Airtable Layoffs Hit More than 250 Employees, Company to Operate More Cautiously

Airtable's chief revenue officer, chief people officer and chief product officer have departed the company.

Edward Gately, Senior News Editor

December 9, 2022

3 Min Read
Hit by layoff

Airtable, an enterprise software company, this week announced layoffs impacting 20% of its workforce or 254 employees.


Airtable’s Howie Liu

In a blog, Howie Liu, Airtable’s co-founder and CEO, detailed the layoffs as part of a “major” evolution for Airtable.

In May, Zoom vet Laura Padilla joined Airtable as vice president of partners. Airtable hired her to formalize its channel strategy and partner program. Airtable isn’t saying whether she’s among those impacted by the layoffs.

Airtable’s chief revenue officer, Seth Shaw, chief people officer, Johanna Jackman. and chief product officer, Peter Deng, have departed the company.

Airtable Among Numerous Channel Businesses Announcing Layoffs

Airtable joins numerous other companies doing business in the channel that have or are laying off workers. Others include Aqua Security, NextivaHP, Asana, Oracle, Salesforce, RingCentral, SADA and more.

Keep up with our telecom-IT layoff tracker to see which companies are cutting jobs and the ensuing channel impact.

“Today we’re announcing a major evolution for Airtable: taking us from our roots as a primarily bottoms-up adopted product serving teams at organizations of many sizes, to a company that is focused on bringing connected apps to large enterprises,” Liu said. “With this new focus, we’ve made the difficult choice to reduce our team by 254 people and evolve our organizational structure. These steps are not a reflection of this team’s important work in building Airtable to date, but about what our organization needs going forward.”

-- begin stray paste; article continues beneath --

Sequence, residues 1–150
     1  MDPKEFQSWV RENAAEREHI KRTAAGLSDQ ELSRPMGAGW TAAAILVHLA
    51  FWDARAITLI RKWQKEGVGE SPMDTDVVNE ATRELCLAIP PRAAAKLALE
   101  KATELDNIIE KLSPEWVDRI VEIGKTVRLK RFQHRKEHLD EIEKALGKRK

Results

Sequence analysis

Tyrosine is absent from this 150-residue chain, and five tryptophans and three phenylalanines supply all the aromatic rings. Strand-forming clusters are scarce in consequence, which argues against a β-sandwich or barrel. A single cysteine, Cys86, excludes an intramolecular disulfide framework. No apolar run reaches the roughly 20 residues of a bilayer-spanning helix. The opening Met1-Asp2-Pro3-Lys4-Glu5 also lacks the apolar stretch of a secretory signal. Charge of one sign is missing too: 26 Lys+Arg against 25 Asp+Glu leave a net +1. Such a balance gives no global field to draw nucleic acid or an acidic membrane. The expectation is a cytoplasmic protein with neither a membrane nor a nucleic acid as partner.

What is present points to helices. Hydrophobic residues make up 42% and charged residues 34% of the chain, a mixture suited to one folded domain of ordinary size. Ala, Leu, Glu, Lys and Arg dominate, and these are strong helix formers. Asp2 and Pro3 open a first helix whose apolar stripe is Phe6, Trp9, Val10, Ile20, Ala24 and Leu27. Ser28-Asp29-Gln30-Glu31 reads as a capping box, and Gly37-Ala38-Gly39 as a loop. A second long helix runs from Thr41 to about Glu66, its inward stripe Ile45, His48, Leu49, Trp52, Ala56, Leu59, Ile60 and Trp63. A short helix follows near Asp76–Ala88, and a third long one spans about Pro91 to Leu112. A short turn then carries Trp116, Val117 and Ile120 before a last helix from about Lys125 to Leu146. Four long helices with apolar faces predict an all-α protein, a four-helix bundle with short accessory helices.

Airtable’s early success was driven by “bottoms-up” adoption across organizations of all shapes and sizes, and it benefited from an “extraordinary” amount of organic growth, he said.

“We discovered enterprises increasingly adopted Airtable for critical workflows built around high-value datasets, often stretching across entire departments rather than at a team level,” Liu said. “This part of our business has become increasingly exciting and differentiated, not only in terms of our growth metrics, but also in the way enterprise customers are realizing organization-wide value from connected apps.”

Focusing on Large Enterprise Companies

Enterprise makes up the majority of Airtable’s revenue, growing more than 100% year-over-year, Liu said.

Airtable will devote the majority of its resources toward landing and expanding large enterprise companies with at least 1,000 full-time workers, where its connected apps vision will deliver the most differentiated value, he said.

Airtable also identified areas where it could narrow its focus and operate in a more lean fashion, Liu said.

In addition, it is cutting spending in areas like marketing media, real estate, business technology and infrastructure.

“In trying to do too many things at once, we have grown our organization at a breakneck pace over the past few years,” Liu said. “We will continue to emphasize growth, but do so by investing heavily in the levers that yield the highest growth relative to their cost.”

These updates will allow Airtable to operate more cautiously in this economic environment, Liu said.

Want to contact the author directly about this story? Have ideas for a follow-up article? Email Edward Gately or connect with him on LinkedIn.

Read more about:


About the Author(s)

Edward Gately

Senior News Editor, Channel Futures

As news editor, Edward Gately covers cybersecurity, new channel programs and program changes, M&A and other IT channel trends. Prior to Informa, he spent 26 years as a newspaper journalist in Texas, Louisiana and Arizona.

Free Newsletters for the Channel
Register for Your Free Newsletter Now

You May Also Like